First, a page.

American Heritage® Dictionary of the English Language, Fourth Edition
- adj. Informal Of small size or consequence; insignificant.
- adj. Informal Of poor quality; shabby.
- n. Variant of dinkey.
Century Dictionary and Cyclopedia
- Small and neat; trim; tidy; nice.
- Small but pretentious; small and insignificant.
- n. Something small or insignificant.
- n. An apparatus of smaller size than the usual standard, as a pony- or donkey-engine for doing work which requires small horse-power.
- n. A pair of wheels on an axle used to carry the weight of a beam or pole in erecting structures or wire lines. The axle is usually curved upward in the middle, with a lever affixed, so that the weight can first be raised off the ground, in a sling, and then wheeled to the desired point.
- adj. informal, UK Tiny and cute; small and attractive.
- adj. informal, US Tiny and insignificant; small and undesirable.
- Double income, no kids yet. Said of a relationship.
GNU Webster's 1913
- adj. informal small and insignificant; shabby or unimpressive.
- adj. British informal pretty and neat; fashionable or well-dressed.
- adj. small and insignificant
- n. a small locomotive
- adj. (British informal) pretty and neat
- Probably from Scots dink, neat, trim. (American Heritage® Dictionary of the English Language, Fourth Edition)
“But the advantage now of having all of those proposals that maybe were sometimes described as being "dinky" -- (laughter) -- is that they now add up to some serious work that we can put before the Congress in the form of legislative proposals.”
“I suspect that the reason wards are 'dinky' in Boise and not very large around here is precisely because of density.”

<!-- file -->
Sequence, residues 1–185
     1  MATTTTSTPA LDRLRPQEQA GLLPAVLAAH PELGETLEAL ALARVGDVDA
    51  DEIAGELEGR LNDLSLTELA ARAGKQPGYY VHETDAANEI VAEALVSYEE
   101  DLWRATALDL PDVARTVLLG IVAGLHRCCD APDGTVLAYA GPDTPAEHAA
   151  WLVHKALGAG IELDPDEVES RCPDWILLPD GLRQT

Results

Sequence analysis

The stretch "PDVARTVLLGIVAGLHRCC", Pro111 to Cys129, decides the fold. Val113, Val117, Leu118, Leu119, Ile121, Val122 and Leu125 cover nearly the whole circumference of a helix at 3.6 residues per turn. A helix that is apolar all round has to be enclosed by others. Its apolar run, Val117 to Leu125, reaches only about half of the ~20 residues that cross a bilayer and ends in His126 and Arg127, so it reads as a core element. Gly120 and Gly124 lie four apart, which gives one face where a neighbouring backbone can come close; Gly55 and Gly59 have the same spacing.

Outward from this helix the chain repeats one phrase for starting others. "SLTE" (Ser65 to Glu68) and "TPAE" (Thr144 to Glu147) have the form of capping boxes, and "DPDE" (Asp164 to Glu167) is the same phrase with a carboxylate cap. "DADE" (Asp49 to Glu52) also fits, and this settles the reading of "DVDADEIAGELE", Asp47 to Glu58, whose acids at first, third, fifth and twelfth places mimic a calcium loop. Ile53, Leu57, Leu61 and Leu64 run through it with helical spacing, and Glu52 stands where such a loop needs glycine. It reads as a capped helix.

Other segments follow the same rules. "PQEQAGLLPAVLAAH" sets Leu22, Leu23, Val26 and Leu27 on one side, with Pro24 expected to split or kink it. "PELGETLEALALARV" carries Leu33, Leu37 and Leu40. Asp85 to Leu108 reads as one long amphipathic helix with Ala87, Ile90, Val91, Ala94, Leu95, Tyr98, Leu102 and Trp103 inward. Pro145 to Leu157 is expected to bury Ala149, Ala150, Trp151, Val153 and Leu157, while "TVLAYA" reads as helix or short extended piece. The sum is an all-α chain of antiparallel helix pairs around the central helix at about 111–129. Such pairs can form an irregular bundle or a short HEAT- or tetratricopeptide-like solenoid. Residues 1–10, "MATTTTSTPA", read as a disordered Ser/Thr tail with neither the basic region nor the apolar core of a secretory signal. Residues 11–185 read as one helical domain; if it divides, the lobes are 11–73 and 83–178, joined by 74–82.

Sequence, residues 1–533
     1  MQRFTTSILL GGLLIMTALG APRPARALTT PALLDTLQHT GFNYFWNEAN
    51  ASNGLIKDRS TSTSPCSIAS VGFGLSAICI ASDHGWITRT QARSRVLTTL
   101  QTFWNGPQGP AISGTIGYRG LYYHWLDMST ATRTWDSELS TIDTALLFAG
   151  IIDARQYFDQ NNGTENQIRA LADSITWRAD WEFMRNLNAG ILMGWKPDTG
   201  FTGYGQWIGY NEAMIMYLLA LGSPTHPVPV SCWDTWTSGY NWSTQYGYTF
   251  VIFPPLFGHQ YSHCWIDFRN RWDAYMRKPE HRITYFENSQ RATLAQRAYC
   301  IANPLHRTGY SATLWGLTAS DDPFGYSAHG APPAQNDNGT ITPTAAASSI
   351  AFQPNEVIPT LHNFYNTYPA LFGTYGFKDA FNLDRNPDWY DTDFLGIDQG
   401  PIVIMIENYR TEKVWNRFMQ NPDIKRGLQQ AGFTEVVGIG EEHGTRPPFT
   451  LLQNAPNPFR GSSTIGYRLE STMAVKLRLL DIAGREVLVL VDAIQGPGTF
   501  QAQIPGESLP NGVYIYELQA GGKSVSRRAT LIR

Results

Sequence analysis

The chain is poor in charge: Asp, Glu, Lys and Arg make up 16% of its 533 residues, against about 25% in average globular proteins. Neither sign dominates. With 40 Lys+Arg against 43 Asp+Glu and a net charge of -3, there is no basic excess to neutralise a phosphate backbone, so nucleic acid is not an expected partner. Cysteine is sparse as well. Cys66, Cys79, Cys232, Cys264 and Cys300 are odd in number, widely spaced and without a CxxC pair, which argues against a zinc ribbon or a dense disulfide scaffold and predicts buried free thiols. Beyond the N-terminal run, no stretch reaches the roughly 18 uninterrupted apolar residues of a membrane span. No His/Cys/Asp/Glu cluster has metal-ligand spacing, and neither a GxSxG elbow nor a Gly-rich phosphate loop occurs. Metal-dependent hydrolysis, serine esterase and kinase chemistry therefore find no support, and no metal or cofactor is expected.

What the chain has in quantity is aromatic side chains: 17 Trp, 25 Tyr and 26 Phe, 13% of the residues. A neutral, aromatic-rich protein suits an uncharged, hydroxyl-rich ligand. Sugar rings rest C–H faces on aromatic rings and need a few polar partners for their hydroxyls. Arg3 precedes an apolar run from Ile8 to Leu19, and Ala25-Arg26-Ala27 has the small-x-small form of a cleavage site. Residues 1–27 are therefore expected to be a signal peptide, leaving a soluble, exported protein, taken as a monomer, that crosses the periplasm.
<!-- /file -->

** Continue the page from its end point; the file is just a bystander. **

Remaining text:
“I thought the fireplace was kind of dinky and squishy-looking.”
“He still calls his own his "dinky" and insists that Nate's be called a dinky or dink too.”
“Here, the car-designed by set designer John Arnone-is some kind of dinky cartoon version, like a covered golf cart.”
“A derrick operating a clam-shell unloaded the sand and gravel into a small hopper, discharging into dump cars operated by a "dinky" up an incline, passing over sand and gravel storage bins.”
“Puffing on the single-gauge track was a "dinky" engine, coupled to a flat car.”
“Telephone and telegraph wires run through the trenches and even railroad tracks are laid so that small engines go whirring through the ditches like "dinky" locomotives in a coal mine.”
“Several white players were upset that Brown and two other black players - Dick Lane, known as Night Train, and Danny Lewis - had to stay in a "dinky" hotel away from their teammates.”
“Robbins concedes the pine flycatcher is "dinky," that its distinguishing features come down to a few feathers combined with a particular call.”
These user-created lists contain the word ‘dinky’.
Bits and pieces of train engines, cars and carriages. Terms for various types of trains and train cars live here toot I mean too.
One of those nutso navel-fluff ruzuzu lists.
Various urban professionals, and other such pies. (related to wealth, labor, class, etc.)
Adjectives that describe small objects.
Words I'm learning or investigating that I found by reading Life Expectancy (not all words are in the book).
A list of birders' "shorthand" names, traditional nicknames, non-English names, and obsolete names for feathered creatures worldwide.
Interesting blog entry here on naming U.S. birds.
... as in "by James Joyce"
"Fornication" is not equal to "formication".
Words with funny meaning, spelling or both.
The long and the short of it.
They have perfectly suitable doggy names. We just call them other things sometimes.
Looking for tweets for dinky.